Australia has still not refuted the reports suggesting that it treasonably kept France in the dark for 18 months about its intention to terminate a bilateral military contract on submarines, French Ambassador in Canberra Jean-Pierre Thebault said on Saturday.
“If the reports that were published … on the treason in the making and the intentional double language, is true – and it has not been contradicted – then it is a major breach of confidence and a very bad signal”, the ambassador told The Sydney Morning Herald and The Age newspapers prior to being recalled to France.
Thebault cited “very reliable reports from the independent press” as saying that AUKUS was “in the making for 18 months”.
“Which means we have been blind-sided intentionally for 18 months… The crime was prepared for 18 months”, he added.
Thebault said that during these 18 months, there were “no warnings whatsoever” from the Australian side on its intention to unilaterally abandon the deal. Furthermore, it was not until after the reports that Australian Defense Minister Peter Dutton contacted his French counterpart, Florence Parly, to inform her of Australia’s decision, the ambassador said.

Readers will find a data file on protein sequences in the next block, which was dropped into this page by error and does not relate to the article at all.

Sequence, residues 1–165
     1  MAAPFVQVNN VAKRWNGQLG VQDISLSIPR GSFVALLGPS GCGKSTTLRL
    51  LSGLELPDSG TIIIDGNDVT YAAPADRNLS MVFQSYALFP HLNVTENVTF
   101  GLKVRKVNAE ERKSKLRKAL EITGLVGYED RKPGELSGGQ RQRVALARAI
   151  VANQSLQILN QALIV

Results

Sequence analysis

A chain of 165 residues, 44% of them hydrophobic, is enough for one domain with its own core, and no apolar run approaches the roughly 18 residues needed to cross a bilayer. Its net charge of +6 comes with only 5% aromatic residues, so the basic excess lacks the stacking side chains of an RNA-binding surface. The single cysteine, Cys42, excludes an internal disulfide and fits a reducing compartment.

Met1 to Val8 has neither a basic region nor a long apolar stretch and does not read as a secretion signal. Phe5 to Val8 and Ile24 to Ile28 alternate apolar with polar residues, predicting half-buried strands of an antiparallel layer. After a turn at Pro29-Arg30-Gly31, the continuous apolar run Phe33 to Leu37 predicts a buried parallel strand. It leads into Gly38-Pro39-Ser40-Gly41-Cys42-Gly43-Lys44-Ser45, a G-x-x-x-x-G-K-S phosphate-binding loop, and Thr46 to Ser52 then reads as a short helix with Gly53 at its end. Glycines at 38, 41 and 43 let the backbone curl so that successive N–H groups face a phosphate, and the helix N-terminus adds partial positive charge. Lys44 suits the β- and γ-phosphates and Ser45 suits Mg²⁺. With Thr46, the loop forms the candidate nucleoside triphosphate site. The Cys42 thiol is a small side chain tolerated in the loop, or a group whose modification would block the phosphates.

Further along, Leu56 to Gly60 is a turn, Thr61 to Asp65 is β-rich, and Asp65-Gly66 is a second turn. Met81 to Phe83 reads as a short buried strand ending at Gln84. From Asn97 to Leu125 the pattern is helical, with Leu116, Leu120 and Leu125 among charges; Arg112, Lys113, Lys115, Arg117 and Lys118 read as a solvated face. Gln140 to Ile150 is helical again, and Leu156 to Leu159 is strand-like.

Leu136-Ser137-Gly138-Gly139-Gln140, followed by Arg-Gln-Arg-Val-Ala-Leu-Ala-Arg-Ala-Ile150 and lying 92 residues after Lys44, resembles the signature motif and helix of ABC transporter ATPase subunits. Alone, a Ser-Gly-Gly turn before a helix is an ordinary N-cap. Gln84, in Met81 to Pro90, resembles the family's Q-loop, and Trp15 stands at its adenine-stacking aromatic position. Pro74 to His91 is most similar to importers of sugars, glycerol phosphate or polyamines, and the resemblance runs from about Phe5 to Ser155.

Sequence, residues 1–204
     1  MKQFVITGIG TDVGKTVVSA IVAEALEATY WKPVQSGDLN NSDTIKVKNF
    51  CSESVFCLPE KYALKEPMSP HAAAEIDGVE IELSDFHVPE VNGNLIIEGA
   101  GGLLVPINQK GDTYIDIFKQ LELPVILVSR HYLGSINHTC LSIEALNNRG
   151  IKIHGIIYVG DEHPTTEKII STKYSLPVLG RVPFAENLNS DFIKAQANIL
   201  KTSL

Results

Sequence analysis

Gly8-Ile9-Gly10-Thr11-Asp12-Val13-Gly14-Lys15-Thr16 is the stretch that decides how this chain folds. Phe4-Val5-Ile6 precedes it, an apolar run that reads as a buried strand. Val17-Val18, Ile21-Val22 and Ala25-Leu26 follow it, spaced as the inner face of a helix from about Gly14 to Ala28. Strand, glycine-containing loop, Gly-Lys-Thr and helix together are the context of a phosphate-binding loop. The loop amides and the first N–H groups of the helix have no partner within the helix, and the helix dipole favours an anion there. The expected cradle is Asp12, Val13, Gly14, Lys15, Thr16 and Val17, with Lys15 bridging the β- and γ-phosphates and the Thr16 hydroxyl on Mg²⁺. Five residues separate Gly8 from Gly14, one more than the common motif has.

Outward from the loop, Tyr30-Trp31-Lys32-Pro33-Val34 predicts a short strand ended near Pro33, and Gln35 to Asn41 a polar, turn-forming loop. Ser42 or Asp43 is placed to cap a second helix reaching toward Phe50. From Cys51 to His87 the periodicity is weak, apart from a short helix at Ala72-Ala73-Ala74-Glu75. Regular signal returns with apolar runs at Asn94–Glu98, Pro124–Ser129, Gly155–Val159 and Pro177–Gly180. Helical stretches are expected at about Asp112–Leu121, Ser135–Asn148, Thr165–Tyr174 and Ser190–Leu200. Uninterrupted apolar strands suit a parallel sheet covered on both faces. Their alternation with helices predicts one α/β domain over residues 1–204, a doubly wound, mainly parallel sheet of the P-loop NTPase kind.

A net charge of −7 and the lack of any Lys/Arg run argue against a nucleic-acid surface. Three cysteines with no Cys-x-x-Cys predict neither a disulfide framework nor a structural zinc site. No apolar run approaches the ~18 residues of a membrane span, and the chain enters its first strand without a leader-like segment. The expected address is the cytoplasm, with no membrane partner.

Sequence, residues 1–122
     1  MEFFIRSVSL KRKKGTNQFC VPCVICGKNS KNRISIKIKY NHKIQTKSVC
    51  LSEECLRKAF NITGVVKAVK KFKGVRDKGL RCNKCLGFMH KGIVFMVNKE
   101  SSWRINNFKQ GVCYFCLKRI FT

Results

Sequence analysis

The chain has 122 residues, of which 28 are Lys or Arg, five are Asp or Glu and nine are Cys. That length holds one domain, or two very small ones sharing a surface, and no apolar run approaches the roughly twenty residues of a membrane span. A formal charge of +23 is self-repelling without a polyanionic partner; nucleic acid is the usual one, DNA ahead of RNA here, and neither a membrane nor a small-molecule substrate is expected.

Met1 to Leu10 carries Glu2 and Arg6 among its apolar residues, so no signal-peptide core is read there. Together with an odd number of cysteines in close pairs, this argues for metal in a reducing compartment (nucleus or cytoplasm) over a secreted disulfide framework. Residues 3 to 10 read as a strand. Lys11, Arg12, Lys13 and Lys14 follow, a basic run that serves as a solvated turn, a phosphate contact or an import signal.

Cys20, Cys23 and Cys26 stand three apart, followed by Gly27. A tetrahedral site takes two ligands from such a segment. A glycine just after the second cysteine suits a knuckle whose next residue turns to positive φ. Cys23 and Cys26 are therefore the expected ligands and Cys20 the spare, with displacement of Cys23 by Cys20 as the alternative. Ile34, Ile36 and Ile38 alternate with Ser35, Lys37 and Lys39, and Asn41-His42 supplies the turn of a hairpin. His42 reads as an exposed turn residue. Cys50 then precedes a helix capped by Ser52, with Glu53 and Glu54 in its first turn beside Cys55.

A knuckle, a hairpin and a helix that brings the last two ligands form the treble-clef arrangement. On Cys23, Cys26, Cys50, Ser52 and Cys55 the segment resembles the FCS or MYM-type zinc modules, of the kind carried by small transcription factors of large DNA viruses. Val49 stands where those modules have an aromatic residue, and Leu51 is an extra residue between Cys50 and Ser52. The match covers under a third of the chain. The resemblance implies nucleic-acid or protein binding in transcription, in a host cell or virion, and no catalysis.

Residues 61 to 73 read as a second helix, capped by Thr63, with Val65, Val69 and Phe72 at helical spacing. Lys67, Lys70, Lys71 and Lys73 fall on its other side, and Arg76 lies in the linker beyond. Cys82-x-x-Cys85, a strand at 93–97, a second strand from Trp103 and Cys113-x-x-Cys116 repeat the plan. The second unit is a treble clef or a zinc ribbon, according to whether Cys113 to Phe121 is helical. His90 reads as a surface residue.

He stressed that by ditching its deal with Paris, Canberra has made a “huge” diplomatic error.
“I would like to run into a time machine, if possible, and be in a situation where we don’t end up in such an incredible, clumsy, inadequate un-Australian situation,” Thebault said. “I’m very sad to be forced to leave, albeit there needs to be some reassessment to be made”.
The diplomat expressed such criticism after on Wednesday, Australia, the United Kingdom and the United States announced a defense partnership, dubbed AUKUS, wherein Washington and London will supply Canberra with nuclear-propelled submarines. Australia quit a $66 billion deal with France, which was supposed to supply it with 12 conventionally powered submarines.
In an unprecedented move, Paris recalled its ambassadors from the United States and Australia for consultations. French Foreign Minister Jean-Yves Le Drian described Canberra’s abandoning of the commitments before Paris for the sake of a trilateral pact with London and Washington as “stabbing in the back.”